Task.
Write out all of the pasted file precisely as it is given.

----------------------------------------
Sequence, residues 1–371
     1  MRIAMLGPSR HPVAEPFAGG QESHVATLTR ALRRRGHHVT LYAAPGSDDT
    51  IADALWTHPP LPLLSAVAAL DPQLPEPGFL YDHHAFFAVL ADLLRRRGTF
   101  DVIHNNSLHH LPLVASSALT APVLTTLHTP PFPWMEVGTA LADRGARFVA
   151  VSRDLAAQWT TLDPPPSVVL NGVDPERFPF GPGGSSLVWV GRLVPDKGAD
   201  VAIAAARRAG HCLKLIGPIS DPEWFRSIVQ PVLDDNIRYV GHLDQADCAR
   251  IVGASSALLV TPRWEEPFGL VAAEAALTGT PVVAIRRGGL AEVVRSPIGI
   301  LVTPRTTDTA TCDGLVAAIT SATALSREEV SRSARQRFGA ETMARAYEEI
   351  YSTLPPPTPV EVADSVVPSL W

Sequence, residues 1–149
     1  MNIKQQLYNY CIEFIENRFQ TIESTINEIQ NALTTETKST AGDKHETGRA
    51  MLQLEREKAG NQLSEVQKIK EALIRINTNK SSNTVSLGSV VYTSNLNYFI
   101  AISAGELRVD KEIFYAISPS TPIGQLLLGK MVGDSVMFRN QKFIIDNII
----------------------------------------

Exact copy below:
Sequence, residues 1–371
     1  MRIAMLGPSR HPVAEPFAGG QESHVATLTR ALRRRGHHVT LYAAPGSDDT
    51  IADALWTHPP LPLLSAVAAL DPQLPEPGFL YDHHAFFAVL ADLLRRRGTF
   101  DVIHNNSLHH LPLVASSALT APVLTTLHTP PFPWMEVGTA LADRGARFVA
   151  VSRDLAAQWT TLDPPPSVVL NGVDPERFPF GPGGSSLVWV GRLVPDKGAD
   201  VAIAAARRAG HCLKLIGPIS DPEWFRSIVQ PVLDDNIRYV GHLDQADCAR
   251  IVGASSALLV TPRWEEPFGL VAAEAALTGT PVVAIRRGGL AEVVRSPIGI
   301  LVTPRTTDTA TCDGLVAAIT SATALSREEV SRSARQRFGA ETMARAYEEI
   351  YSTLPPPTPV EVADSVVPSL W

Sequence, residues 1–149
     1  MNIKQQLYNY CIEFIENRFQ TIESTINEIQ NALTTETKST AGDKHETGRA
    51  MLQLEREKAG NQLSEVQKIK EALIRINTNK SSNTVSLGSV VYTSNLNYFI
   101  AISAGELRVD KEIFYAISPS TPIGQLLLGK MVGDSVMFRN QKFIIDNII